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Official: Spain perplexed by Scud decision

From Al Goodman

Spanish special forces are lowered onto deck of the So San.
Spanish special forces are lowered onto deck of the So San.

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U.S. officials say they are '99 percent sure' that ship was carrying Scuds to Yemen.
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MADRID, Spain (CNN) -- The Spanish Defense Ministry is perplexed by the U.S. decision to release the vessel carrying a shipment of Scud missiles to Yemen, a senior government aide told CNN.

The freighter So San was stopped and boarded Monday by the crew of the Spanish frigate Navarra about 600 miles southeast of Yemen. Spain was given U.S. intelligence last Thursday and asked to be on the lookout for the ship. (Full story)

Spanish and U.S. inspectors found 15 completed Scud missiles along with 23 containers of nitric acid, Spanish Defense Minister Federico Trillo said. (Full story)

The United States Wednesday said it would allow the shipment to proceed to Yemen, which has cooperated in the U.S.-led war on terror. U.S. officials said there was no provision under international law prohibiting Yemen from accepting the delivery of the missiles.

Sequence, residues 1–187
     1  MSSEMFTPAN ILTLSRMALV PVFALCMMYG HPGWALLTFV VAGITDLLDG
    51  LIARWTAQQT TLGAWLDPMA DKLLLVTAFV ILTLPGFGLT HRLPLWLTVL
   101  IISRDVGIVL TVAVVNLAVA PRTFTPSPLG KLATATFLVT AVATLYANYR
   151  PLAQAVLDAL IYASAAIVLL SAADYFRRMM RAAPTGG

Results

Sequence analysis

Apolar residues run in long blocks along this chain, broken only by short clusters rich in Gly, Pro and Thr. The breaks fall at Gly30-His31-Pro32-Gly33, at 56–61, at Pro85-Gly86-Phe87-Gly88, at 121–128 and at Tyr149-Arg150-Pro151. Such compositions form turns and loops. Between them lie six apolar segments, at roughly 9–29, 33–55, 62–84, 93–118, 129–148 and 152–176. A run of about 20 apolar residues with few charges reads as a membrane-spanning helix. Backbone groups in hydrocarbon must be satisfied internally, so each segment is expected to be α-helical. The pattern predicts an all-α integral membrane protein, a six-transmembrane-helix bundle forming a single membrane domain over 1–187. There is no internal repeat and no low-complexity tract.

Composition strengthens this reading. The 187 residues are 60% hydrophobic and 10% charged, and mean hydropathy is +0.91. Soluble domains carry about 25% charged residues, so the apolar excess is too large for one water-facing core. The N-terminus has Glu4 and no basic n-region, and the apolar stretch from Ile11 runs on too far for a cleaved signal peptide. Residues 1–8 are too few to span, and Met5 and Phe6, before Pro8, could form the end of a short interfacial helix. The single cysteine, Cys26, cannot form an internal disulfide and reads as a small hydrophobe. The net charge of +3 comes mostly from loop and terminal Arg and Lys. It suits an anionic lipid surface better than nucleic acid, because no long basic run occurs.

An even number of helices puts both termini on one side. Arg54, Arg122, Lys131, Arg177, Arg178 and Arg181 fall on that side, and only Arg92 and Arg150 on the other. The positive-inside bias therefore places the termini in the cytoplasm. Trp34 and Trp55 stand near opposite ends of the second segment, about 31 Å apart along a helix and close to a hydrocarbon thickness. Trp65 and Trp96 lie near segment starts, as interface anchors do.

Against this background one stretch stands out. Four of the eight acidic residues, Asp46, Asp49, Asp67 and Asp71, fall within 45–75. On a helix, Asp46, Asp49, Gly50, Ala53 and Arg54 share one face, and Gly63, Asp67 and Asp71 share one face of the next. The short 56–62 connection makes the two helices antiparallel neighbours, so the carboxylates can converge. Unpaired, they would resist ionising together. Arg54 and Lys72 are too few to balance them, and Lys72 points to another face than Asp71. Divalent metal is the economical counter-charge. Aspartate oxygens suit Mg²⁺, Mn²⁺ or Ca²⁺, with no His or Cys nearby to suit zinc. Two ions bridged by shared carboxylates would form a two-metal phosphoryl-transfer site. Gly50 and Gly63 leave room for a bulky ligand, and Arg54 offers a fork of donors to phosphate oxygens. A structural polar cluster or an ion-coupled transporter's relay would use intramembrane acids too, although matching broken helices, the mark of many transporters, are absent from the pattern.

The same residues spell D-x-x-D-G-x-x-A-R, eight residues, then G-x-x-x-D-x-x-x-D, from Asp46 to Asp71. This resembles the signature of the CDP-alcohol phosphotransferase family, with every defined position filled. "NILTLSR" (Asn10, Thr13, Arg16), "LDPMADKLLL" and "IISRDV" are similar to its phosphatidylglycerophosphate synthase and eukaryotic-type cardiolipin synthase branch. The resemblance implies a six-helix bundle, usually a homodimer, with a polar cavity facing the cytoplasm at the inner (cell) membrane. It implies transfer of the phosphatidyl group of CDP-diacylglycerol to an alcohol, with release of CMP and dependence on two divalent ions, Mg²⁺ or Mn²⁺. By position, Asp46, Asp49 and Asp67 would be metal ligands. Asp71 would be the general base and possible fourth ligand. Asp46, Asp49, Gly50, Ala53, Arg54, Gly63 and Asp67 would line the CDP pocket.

But that decision appears to have created a stir in Spain.

The senior aide to the Spanish Defense Ministry said its military went to exhaustive lengths to stop the vessel and that it was working "within the international coalition with information from U.S. intelligence sources."

The official said that the Spanish crew that boarded the ship found a 25-page declaration of cargo aboard that did not list Yemen as a destination and did not list Scud missiles as among its cargo, this official said.

In fact, the cargo declaration mentions only 2,000 tons of cement, which was to be delivered to Djibouti -- an order that had apparently been placed by Djibouti's Ministry Of Mining, the official said.

Asked why Yemen's name doesn't show up on the cargo declaration, he said, "We can't explain it."

Washington's decision to send the boat on to Yemen is a strange one, he said.

He said U.S. Secretary of State Colin Powell called Spanish Foreign Minister Ana Palacio to extend his appreciation of the maritime intercept. But, he said, in the Spanish government's view Powell couldn't offer any explanation for the decision to release the vessel.

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